Male nurse consulting with senior female patient and adult daughter in exam room
(Credit: The Good Brigade / Getty Images)

Efforts to track data on assisted living communities, retain workers and encourage planning for long-term care are among the projects receiving technical assistance from a national nonprofit to launch or expand initiatives funded by federal COVID-19 relief funds.

The ARPA HCBS TA Collective, through ADvancing States, began working with Wisconsin, Michigan, Delaware, Colorado and Alabama in January to provide technical assistance on HCBS-related projects funded by American Rescue Plan Act dollars distributed to states.

In Wisconsin, which received $2.5 billion in ARPA funding, the state Department of Health Services will partner with the technical assistance team to strengthen its HCBS programs, address direct care workforce issues and develop strategies to delay the need for long-term care. 

Specifically, the Badger State wants to make it easier to collect data on and track certification of assisted living settings. With help from the technical assistance team, the state plans to create an online tracing system for certifying one- to two-bed adult family homes and create a secure, online system to review potential HCBS setting providers.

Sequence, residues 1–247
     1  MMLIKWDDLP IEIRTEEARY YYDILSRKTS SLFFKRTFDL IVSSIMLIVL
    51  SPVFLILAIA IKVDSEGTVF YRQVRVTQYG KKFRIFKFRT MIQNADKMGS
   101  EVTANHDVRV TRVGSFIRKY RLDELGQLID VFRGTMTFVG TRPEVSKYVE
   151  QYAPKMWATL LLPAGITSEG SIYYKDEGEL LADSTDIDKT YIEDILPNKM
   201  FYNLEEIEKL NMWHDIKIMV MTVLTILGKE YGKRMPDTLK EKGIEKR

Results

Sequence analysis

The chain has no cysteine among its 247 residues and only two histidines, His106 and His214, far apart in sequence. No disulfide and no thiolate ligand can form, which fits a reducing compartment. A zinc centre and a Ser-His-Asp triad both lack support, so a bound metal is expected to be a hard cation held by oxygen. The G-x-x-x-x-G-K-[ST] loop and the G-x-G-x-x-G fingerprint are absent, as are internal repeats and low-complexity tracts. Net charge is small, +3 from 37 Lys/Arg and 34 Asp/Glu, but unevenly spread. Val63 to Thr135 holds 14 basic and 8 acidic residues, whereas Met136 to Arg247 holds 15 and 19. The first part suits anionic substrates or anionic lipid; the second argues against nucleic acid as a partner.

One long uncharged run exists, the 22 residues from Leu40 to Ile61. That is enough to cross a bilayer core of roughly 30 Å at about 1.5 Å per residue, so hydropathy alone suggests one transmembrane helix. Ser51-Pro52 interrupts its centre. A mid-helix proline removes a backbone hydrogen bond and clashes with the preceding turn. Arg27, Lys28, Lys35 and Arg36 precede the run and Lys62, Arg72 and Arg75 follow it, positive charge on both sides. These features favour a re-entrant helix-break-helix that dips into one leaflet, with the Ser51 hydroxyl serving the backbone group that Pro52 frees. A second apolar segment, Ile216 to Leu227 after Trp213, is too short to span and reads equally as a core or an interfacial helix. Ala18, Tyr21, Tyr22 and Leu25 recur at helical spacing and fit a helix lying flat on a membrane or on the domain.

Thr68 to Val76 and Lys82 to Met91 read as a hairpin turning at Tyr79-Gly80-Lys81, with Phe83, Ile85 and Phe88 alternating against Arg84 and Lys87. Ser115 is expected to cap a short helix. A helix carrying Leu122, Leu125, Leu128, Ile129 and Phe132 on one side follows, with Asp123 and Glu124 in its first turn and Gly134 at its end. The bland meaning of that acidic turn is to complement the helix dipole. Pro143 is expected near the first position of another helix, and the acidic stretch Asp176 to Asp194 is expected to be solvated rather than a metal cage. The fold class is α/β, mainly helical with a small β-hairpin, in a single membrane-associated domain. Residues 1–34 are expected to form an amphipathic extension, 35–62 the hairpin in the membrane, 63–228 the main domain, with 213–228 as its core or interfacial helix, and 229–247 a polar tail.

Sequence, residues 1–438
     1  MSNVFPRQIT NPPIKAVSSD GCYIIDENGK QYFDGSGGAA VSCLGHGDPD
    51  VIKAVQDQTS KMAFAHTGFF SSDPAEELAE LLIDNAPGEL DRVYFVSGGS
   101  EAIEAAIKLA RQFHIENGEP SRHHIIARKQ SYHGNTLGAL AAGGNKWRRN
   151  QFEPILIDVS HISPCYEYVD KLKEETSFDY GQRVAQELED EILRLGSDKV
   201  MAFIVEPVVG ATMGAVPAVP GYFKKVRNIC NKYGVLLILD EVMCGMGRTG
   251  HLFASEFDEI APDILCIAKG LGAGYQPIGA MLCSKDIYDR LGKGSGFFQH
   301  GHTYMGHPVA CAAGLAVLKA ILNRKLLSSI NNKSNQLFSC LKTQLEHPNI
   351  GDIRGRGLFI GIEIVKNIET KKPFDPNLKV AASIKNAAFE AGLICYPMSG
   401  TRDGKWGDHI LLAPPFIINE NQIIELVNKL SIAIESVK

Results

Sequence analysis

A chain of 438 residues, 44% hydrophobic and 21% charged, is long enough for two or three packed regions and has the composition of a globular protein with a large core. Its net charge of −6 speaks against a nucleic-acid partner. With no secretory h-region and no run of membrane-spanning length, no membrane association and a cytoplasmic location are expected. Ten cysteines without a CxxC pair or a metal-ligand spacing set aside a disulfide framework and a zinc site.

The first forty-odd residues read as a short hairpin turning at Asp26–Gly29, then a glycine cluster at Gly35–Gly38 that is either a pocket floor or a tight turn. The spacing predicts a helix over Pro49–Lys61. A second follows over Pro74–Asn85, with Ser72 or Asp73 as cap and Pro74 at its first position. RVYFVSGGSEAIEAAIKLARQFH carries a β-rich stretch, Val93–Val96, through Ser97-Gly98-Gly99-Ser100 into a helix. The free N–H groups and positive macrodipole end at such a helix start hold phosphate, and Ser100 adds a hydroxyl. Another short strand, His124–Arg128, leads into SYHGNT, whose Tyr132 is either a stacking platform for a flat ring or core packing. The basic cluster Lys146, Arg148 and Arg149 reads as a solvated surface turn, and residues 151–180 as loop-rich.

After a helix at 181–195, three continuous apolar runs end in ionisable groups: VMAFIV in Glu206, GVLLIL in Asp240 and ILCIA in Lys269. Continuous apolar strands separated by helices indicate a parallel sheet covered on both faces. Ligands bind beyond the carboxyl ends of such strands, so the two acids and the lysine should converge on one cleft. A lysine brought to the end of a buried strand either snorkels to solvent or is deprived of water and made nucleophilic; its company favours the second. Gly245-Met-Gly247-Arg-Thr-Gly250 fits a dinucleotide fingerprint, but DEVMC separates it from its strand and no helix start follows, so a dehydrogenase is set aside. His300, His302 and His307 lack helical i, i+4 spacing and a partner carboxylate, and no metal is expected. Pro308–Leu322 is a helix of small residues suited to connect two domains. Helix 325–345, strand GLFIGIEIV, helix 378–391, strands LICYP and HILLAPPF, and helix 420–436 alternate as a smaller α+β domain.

Michigan will receive assistance on expanding Medicaid eligibility. The state also will receive help designing a “Own Your Future” long-term care campaign to increase public awareness about the need for people to plan for their future long-term care needs.  

In Delaware, the technical assistance team will support the design and implementation of $5 million in HCBS innovation pilot grants for providers, advocacy organizations or other entities to fund and evaluate new ways to deliver effective HCBS services. Focus areas for grants are workforce retention, health-related social needs, access to independence-enhancing technologies, and support for family caregivers. Each pilot project could be funded up to $250,000.

Colorado is building a long-term plan for sustaining its investment in HCBS. The technical assistance consultant also will help the state evaluate which pilot programs should continue.

The technical assistance is being funded by the John A. Hartford Foundation, the Care for All with Respect and Equity (CARE) Fund, the Milbank Memorial Fund and the SCAN Foundation. 

This project builds on prior rounds of technical assistance funding from October 2021 to June 2022, in which the ARPA HCBS TA Collective supported more than 30 states on ARPA HCBS initiatives. The ARPA was signed into law in March 2021, providing $1.9 trillion in economic stimulus aid for pandemic recovery programs.